Julie’s Diagnosis Story

  • by Julie R.
  •   December 26, 2016

Julie R. is a paid Advocate for Teva Neuroscience, Inc.

My life was on the path I had always dreamed it would be when I received the diagnosis of relapsing-remitting multiple sclerosis (RRMS). I was recording my second album and was spending my life on the road playing country music.

When I received my diagnosis, I had only met one person in my life with MS. She was a young woman in her 30's living in a nursing home facility full-time. When I received my own diagnosis, I made the wrong assumption that I would also spend the rest of my life in a full-time care facility.

I went through a period of denial about my RRMS that spanned over five years. I thought if I didn't say "I have MS" out loud or tell anyone, aside from my Mom and younger sister, then it would go away. During those years, I never read about MS or tried to learn about the disease. My mind was shut off to RRMS, and I wasn't open to learning anything about it. I thought if I didn't acknowledge RRMS, I was putting it out of my life for good.

My denial was brought on by fear. I was afraid to tell anyone I worked with in the music industry what was going on with my health, because I thought opportunities in my career would be taken away from me. I also lived with my own fear of MS robbing me from being able to continue to do what had defined my entire life up to this point: performing country music.

Acceptance and educating myself on MS eventually came when my family was forced to face a trying period in our lives. During that stressful time, I began having the same symptoms I had experienced five years earlier. I knew I needed to acknowledge these symptoms, because my disease actually had not gone away on its own like I had hoped it would. 

I went back to my neurologist, who encouraged me to begin a therapy right away. Finally, I was ready to learn all I could about living with RRMS.

Until then, I didn't know my options. If I had, I would not have lived in fear for so long and would have instead faced my RRMS head-on the moment I was diagnosed. Keeping that secret for so long was difficult, and now I know and understand that remaining un-educated about MS for so long was not the best decision.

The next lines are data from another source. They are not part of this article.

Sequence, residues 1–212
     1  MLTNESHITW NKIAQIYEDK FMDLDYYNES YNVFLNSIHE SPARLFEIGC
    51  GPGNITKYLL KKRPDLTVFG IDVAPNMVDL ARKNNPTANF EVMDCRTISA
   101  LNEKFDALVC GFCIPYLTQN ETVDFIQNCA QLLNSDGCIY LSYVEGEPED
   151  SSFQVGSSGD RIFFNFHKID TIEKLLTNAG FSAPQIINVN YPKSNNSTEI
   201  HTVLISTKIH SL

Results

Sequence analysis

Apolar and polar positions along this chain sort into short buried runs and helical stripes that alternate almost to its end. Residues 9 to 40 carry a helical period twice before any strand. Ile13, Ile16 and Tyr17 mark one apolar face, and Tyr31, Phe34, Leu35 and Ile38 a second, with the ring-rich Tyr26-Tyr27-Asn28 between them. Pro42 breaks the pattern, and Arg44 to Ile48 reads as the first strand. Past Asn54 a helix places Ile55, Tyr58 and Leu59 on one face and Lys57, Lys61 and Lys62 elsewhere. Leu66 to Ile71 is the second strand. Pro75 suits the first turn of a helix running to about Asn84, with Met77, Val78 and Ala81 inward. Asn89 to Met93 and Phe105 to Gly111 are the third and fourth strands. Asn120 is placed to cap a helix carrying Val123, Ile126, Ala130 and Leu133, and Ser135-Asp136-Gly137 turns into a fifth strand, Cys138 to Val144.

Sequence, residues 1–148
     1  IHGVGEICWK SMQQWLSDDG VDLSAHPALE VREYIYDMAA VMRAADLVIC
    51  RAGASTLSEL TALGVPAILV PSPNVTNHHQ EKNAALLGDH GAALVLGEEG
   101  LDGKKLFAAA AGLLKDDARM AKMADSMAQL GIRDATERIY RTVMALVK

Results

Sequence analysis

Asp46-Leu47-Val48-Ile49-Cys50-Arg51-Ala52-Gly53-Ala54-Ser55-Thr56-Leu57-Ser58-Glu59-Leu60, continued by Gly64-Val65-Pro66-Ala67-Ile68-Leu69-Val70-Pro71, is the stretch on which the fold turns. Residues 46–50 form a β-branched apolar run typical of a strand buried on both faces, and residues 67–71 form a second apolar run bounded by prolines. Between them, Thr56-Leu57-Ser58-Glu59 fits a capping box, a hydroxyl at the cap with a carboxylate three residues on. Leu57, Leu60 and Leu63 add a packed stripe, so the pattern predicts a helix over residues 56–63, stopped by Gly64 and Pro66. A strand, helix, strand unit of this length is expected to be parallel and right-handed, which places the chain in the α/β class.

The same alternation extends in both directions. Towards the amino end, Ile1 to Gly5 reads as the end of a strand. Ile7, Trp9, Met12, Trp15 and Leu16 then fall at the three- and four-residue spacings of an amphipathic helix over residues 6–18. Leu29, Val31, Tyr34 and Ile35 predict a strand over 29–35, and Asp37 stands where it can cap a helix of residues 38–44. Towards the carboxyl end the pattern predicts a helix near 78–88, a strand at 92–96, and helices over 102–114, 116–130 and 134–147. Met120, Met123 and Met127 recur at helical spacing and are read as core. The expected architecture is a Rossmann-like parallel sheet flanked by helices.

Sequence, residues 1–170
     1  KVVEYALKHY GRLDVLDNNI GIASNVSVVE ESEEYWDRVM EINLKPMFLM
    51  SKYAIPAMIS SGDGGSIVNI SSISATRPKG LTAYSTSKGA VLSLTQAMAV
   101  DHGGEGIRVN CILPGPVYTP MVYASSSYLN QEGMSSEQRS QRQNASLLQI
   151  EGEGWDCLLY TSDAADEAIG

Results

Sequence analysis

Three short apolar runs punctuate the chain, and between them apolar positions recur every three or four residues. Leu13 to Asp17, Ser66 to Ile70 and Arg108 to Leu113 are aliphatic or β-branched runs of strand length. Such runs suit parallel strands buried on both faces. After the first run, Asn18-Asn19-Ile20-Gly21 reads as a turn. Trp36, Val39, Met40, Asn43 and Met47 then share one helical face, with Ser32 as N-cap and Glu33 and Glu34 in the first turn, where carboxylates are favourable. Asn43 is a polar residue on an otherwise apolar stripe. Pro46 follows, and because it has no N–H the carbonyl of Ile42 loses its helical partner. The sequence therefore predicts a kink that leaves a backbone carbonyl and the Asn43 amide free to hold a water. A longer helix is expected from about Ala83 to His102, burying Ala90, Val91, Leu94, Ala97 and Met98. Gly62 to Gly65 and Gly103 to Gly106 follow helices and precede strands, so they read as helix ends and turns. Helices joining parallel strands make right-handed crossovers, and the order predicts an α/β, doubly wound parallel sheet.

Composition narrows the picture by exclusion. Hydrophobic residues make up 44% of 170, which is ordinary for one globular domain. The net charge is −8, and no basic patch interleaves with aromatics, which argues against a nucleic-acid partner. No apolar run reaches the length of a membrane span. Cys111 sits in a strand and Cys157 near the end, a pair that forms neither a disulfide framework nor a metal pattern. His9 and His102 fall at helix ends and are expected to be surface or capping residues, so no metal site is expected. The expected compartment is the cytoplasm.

As I have learned about RRMS, I came to a realization that I am very fortunate to live in a time which gave me the opportunity to manage my disease, and I stopped living in fear.

Six years after coming to terms with my RRMS, I am still playing music shows and living my dreams!

Once again, I am defining my path and loving every second of it.

Julie R.

RRMS Patient

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28 Comment(s)
  • Deborah  | December 29, 2016
    Bless you glad you r okay I've had it for 36 years diagnosed on 2000 though
  • Stephanie Ashley | January 08, 2017
    I am struggling with my diagnosis.
    • Teva's Lift MS Team | January 09, 2017
      An MS diagnosis can be an emotional experience. It's great that you're here and we hope you find others in the Lift MS community, who can relate, Stephanie!
  • J. | January 29, 2017
    Im glad you are able to continue and are functioning well with your ms. I would love to be able to attend one of your shows. I live in arcadia fl. Was diagnosed in 2004 but Drs think i have had it all my life. I used to fall up the stairs and parents called me a clutz. They never took me to be examined to find out why i would fall all the time. I get no support from my family do get support from h
  • Johnnie | February 15, 2017
    I live with ms,2005 until 2017, you have to take one day at a time, don't have any problems, I thanks god.
  • Patricia  | February 16, 2017